Oral Immunotherapy (OIT) for Peanut Allergy (PnOIT3)
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|ClinicalTrials.gov Identifier: NCT00815035|
Recruitment Status : Completed
First Posted : December 29, 2008
Results First Posted : May 15, 2017
Last Update Posted : March 1, 2018
|Condition or disease||Intervention/treatment||Phase|
|Peanut Hypersensitivity||Drug: Peanut OIT Drug: Placebo||Phase 2|
|Study Type :||Interventional (Clinical Trial)|
|Actual Enrollment :||16 participants|
|Intervention Model:||Crossover Assignment|
|Masking:||Triple (Participant, Care Provider, Investigator)|
|Official Title:||Oral Immunotherapy for Peanut Allergy- Peanut Oral Immunotherapy (PnOIT3)|
|Study Start Date :||April 2009|
|Actual Primary Completion Date :||December 12, 2016|
|Actual Study Completion Date :||December 12, 2016|
Active Comparator: Peanut OIT
Subjects randomized to receive active treatment with peanut protein flour.
Drug: Peanut OIT
Peanut flour that is orally ingested in a graded fashion.
Other Name: Peanut flour
Placebo Comparator: Placebo
Subjects randomized to receive placebo in the form of oat flour.
Oat flour used as a placebo that is orally ingested a graded fashion
Other Name: Oat flour
- Percentage of Subjects Achieving Tolerance as Defined by a Negative DBPCFC 4 Weeks After Discontinuation of Peanut OIT Therapy. [ Time Frame: 61 months for those randomized to active treatment and 73 months for those randomized to placebo for the initial 12 months of therapy ]Upon completion of 60 months of peanut OIT treatment, subjects discontinued peanut OIT for 4 weeks. The primary clinical efficacy outcome of the study was the percentage of peanut allergic subjects who completed a 5 gm peanut protein double-blind placebo controlled food challenge (DBPCPFC) without developing symptoms 4 weeks after discontinuing peanut OIT.
- The Percentage of Subjects Achieving Full Desensitization as Defined by a Negative DBPCFC After 60 Months of Peanut OIT Therapy. [ Time Frame: 60 months for those randomized to active treatment and 72 months for those randomized to placebo for the initial 12 months of therapy ]Upon completion of 60 months of peanut OIT treatment, subjects underwent a double-blind placebo controlled food challenge (DBPCPFC) to assess desensitization. The secondary clinical efficacy outcome of the study was the percentage of peanut allergic subjects who completed a 5 gm peanut protein double-blind placebo controlled food challenge (DBPCPFC) without developing symptoms after completing peanut OIT therapy.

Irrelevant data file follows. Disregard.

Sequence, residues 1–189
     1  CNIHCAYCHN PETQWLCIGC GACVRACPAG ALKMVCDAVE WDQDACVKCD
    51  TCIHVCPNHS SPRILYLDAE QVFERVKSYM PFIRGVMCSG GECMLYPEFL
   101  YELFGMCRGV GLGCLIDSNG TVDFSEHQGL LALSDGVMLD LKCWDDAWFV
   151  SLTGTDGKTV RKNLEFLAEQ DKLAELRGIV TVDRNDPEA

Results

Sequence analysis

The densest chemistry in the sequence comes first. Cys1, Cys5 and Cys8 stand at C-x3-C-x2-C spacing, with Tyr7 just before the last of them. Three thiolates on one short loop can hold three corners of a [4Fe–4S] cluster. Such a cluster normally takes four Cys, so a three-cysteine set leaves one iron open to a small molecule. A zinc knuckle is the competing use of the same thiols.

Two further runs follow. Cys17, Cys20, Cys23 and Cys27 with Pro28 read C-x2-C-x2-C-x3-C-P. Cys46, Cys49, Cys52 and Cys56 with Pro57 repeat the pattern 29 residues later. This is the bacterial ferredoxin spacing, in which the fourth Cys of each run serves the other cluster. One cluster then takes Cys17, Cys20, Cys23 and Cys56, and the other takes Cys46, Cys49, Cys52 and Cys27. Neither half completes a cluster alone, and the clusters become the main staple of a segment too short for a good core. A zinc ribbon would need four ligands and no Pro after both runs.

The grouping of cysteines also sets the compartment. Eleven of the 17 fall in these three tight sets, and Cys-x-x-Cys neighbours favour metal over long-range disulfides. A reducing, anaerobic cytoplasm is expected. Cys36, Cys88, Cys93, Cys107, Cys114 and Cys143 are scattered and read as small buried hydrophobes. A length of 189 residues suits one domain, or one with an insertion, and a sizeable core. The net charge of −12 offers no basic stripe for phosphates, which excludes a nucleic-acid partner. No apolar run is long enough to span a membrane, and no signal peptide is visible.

- The Percentage of Subjects Who Tolerated the Initial-day Escalation to 6 mg of Peanut [ Time Frame: first day of peanut OIT dosing ]The first day of peanut OIT dosing involved multiple increasing doses of peanut flour in what was called an initial escalation day up to a maximum dose of 6 mg of peanut protein. The secondary outcome measure assessed the percentage of subjects were successfully able to reach this 6 mg dose.
- The Percentage of Subjects Who Are Successfully Able to Escalate up to the 4000 mg Maximum Maintenance Dose of Peanut Protein OIT During the 60 Month Desensitization Phase of the Study [ Time Frame: approximately 40 weeks (10 months) ]During the desensitization phase of the study, subjects under go an initial day escalation up to a maximum of 6 mg of peanut protein. They then undergo biweekly dose escalation over approximately 10 months up to a maximum dose of 4000 mg of peanut protein. This outcome reports the percentage of subjects that achieve this.
- Incidence of All Serious Adverse Events During the Study [ Time Frame: 61 months for those randomized to active peanut OIT and 73 months for those randomized to placebo for the initial 12 months of the study. ]All serious adverse events during the blinded and open-label phases of the study were recorded and reported as a safety outcome.
To learn more about this study, you or your doctor may contact the study research staff using the contact information provided by the sponsor.
Please refer to this study by its ClinicalTrials.gov identifier (NCT number): NCT00815035
|United States, North Carolina|
|University of North Carolina|
|Chapel Hill, North Carolina, United States, 27599|
|Principal Investigator:||Wesley Burks, MD||University of North Carolina|